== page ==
"There's no ecological basis to oppose this plan, NRDC supports it, and we're known as the toughest guys in the business," said NRDC senior scientist Allen Hershkowitz, who has more than 35 years of experience in waste management. "The plan changed for the better. People should be celebrating this victory. Eighty percent of what's coming into that facility will be diverted for something beneficial, either for recycling, composting or gas recovery."

The remaining 20 percent will be made into the refuse-derived fuel and sold as a coal replacement, which Hershkowitz said was better than the alternative of putting it in a landfill.

But some business owners say that Anaergia threatens to displace longtime local businesses, and now that the project has changed from a waste-to-energy project, it should be put back out to bid.

"It (the project) keeps morphing, we don't know what they're doing because they keep changing their story," said Kelly King, vice president of Pacific Biodiesel, which has been diverting fats, oils and grease from the landfill to produce biodiesel fuel for 17 years.

King said hers and other companies, such as Maui EKO Compost, which is contracted by the county to divert green waste and turn it into a compost, would be displaced and likely put out of business if Anaergia were to become established on Maui.

"This will put several companies out of business, we (Pacific Biodiesel) will just have to move, but others like Maui EKO Compost will be put out of business, we know that for sure," King said.

Maui EKO Compost President Tom Pawlish said he was concerned because "what we're taking in now would go to Anaergia." He said that, as of Wednesday afternoon, Anaergia had not reached out to him to discuss any partnership.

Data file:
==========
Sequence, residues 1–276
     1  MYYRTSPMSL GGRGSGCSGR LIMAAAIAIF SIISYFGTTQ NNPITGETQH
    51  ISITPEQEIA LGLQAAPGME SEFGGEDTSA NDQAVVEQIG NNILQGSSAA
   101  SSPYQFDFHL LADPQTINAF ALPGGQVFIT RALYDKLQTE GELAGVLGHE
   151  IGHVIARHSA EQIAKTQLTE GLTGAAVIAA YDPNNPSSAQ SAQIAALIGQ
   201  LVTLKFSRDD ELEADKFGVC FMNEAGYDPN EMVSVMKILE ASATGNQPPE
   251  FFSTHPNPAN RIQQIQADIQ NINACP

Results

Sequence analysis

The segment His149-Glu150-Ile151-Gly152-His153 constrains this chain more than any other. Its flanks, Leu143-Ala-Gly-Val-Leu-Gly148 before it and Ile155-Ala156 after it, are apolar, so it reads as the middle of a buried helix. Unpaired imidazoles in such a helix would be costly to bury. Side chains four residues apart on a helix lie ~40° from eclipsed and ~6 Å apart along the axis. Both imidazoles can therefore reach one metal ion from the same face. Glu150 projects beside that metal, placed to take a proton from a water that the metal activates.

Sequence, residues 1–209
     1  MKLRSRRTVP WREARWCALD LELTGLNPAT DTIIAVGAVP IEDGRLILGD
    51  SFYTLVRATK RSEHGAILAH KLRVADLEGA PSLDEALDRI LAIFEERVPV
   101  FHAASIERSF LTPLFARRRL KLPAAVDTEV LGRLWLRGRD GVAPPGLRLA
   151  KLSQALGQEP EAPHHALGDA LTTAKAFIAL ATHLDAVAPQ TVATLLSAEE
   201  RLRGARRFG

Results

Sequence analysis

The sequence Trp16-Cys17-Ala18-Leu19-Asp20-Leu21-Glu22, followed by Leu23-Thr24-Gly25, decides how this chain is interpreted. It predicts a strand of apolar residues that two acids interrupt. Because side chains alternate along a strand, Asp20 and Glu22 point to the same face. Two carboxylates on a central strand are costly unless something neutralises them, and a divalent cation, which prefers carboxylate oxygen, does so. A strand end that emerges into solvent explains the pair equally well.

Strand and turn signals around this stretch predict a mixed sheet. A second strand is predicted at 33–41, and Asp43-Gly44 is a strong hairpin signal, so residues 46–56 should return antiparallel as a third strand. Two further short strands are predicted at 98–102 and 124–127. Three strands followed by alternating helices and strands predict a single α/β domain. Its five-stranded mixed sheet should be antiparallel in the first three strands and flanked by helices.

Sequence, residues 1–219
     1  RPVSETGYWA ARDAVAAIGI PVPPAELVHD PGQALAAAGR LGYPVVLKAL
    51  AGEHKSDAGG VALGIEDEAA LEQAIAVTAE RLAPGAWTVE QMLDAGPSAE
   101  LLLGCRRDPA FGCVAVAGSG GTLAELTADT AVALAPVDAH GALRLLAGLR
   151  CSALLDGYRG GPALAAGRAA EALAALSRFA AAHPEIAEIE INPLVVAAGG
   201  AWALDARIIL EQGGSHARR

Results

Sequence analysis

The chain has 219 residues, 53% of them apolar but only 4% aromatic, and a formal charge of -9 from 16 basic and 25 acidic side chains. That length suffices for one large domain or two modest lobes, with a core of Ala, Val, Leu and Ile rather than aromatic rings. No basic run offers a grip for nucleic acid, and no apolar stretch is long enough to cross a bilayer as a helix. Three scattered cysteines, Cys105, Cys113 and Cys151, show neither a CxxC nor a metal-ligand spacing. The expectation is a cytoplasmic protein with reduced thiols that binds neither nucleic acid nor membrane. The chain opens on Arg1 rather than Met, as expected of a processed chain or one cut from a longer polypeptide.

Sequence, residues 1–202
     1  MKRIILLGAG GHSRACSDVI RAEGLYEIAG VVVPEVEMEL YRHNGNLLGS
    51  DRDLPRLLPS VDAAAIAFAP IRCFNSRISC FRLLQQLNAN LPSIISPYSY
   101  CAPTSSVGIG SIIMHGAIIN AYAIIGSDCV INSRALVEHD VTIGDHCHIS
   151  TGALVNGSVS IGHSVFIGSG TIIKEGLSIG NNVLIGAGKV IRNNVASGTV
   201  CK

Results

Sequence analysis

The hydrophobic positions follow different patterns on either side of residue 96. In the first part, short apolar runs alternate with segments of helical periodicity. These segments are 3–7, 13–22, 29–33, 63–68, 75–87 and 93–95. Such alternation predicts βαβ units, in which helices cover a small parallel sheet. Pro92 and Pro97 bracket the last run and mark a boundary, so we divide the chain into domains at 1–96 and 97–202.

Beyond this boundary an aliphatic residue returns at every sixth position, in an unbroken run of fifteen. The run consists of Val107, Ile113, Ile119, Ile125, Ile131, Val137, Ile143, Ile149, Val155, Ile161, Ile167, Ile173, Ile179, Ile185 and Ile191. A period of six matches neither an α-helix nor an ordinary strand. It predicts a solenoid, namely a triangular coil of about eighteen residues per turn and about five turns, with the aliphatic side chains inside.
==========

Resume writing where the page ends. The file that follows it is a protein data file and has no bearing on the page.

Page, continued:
Ginoza encouraged existing businesses to partner with Anaergia, which may not need resources like fats, oils and grease, and company officials have said they are willing to work with local companies that already use the resources.

"Anaergia has reached out to local businesses like Pacific Biodiesel to look for opportunities for collaboration," Sharma said in a statement. "We are committed to working with them to the maximum extent possible."

King acknowledged that she had met with Sharma and discussed a potential partnership, but "we haven't seen anything in writing." She and others advocated the project being put back out to bid because the project is no longer a waste-to-energy, but a recycling project.

"You can call it what you want. I tried to call it a waste conversion instead because the term waste-to-energy is typically an incinerator," Ginoza said. "If we called it a recycling project, the recycling puritans would say no, we're also creating fuel. It's a multi-input, multi-output process, but I didn't want to specify every input and output because that would become cumbersome."

Ginoza said that the project, at least from the county's perspective, has not changed. There would be no increased costs. There are no plans for the county to administer multiple waste streams or a curbside recycling plan, although it is up to the County Council to appropriate funds for such a plan. Even if a curbside recycling plan were approved, Ginoza said he "doesn't see how" that would warrant putting the project back out to bid.